I was fortunate to be raised in a family who was more interested in creativity, nature and science than in appearances, which is perhaps part of the reason why I’ve never have struggled with an eating disorder. The closest I ever came was when my weight crept up to a size 16 after a physical injury reduced my physical activity. It wasn’t so much how I looked that bothered me. After all, I didn’t grow up surrounded by fashion magazines, mirrors or women concerned about the way they looked. My magazines were national geographic, my TV was David Attenborough, and we were too busy creating art and exploring nature to bother with mirrors!
What bothered me was the way I felt. I didn’t feel as comfortable in my own skin. I felt heavy and I had lost some freedom of movement. As soon as this realisation kicked in, I did something about it. I booked into a gym and found exercises that worked around my injury. The first month was great. The weight dropped off beautifully. Unfortunately, the environment was a bit toxic for me because there was a crazy over-emphasis on weight loss that messed with my head. For the first time in my life, I gained an insight into what it might feel like to become obsessed with food. For a few weeks I found myself constantly hungry simply because eating less for weight loss had become the mantra. I wasn’t hungry because I was hungry, I was hungry because food had suddenly become a black-market no-go zone. What a horrible way to live!
Needless to say, I quit the gym, found my own ways to exercise away from all the ‘lose weight’ hype, and quickly repaired my relationship with food. I have always loved eating! And left to our own devices, my body and I have a pretty good relationship. What I did have trouble with was a slight tendency to over-eat at times, and I knew there were some foods that weren’t helping my waist-line, so I came up with my own approach to tackling these issues.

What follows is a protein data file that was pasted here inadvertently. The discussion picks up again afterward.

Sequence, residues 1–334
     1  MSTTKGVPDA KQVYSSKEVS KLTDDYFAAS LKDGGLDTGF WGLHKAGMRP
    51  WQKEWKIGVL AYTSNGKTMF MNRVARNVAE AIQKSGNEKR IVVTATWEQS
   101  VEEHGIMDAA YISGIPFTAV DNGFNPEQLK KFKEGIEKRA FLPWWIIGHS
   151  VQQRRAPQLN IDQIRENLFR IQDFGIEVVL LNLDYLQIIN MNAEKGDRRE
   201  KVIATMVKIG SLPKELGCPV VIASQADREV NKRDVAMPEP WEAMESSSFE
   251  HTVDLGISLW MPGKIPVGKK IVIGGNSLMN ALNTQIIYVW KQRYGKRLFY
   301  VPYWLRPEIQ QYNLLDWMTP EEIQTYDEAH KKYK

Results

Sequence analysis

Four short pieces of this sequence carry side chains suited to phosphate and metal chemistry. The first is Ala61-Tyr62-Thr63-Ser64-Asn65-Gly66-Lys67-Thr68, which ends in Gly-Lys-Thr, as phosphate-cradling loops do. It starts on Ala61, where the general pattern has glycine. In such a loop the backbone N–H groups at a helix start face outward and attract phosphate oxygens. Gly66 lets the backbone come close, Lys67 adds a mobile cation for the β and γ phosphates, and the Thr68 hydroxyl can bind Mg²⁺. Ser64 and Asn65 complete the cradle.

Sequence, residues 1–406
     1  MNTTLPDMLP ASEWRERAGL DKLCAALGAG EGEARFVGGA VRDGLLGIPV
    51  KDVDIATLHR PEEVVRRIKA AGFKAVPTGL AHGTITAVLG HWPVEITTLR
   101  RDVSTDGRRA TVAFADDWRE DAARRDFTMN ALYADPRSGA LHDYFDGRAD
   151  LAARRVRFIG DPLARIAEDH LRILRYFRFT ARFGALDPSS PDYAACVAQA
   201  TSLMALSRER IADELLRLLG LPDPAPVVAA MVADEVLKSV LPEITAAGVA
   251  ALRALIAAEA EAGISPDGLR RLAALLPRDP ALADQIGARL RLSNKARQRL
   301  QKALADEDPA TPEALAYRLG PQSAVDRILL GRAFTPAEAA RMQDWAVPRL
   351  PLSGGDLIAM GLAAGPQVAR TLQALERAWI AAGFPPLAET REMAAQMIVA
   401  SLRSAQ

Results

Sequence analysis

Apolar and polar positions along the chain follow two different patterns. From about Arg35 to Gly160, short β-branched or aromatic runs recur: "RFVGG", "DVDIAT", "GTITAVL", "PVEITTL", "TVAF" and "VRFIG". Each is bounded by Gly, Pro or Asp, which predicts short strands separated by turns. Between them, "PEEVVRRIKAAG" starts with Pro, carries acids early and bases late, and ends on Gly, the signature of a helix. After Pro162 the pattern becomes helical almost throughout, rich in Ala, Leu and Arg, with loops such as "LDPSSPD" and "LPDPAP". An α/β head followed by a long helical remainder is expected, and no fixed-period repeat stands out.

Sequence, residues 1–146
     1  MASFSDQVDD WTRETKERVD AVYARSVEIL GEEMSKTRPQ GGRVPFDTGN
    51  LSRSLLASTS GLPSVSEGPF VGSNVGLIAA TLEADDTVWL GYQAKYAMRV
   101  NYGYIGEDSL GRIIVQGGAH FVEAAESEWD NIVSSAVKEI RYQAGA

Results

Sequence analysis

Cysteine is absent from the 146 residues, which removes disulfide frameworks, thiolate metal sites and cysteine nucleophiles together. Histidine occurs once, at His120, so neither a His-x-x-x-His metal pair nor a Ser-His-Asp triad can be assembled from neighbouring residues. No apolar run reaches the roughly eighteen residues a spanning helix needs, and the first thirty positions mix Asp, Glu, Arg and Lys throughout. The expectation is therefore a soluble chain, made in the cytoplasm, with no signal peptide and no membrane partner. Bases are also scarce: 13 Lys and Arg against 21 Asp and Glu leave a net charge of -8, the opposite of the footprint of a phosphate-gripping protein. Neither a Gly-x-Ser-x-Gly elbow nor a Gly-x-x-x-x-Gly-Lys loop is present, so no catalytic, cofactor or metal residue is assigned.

First, I removed bread from my diet. It contains yeast and wheat, which I am sensitive to. When I say sensitive, I mean that I cat easily digest these foods and they don’t make me feel good in my body. Instead of glowing skin and easy breathing, I get eczema and mild asthma. Instead of a happy bowel I get all sorts of crazy shit going down!!! haha! We all have food we don’t digest so well, some of us more than others, and this can mess with our ability to maintain a healthy weight.
Besides avoiding bread for sensitivity reasons, I also removed it because it’s a lazy food! When I eat bread, I’m taking up tummy space that could be filled with the biodiversity of whole-plant foods. Luckily, I wasn’t much interested in pasta and pastry, which are two other lazy foods that take up valuable eating space. The thing is, once we reduce our reliance on these foods, not only does the biodiversity and quality of our food tend to improve, we stop craving the lazy food because it tastes bland and makes you feel heavy and stodgy. Bleh!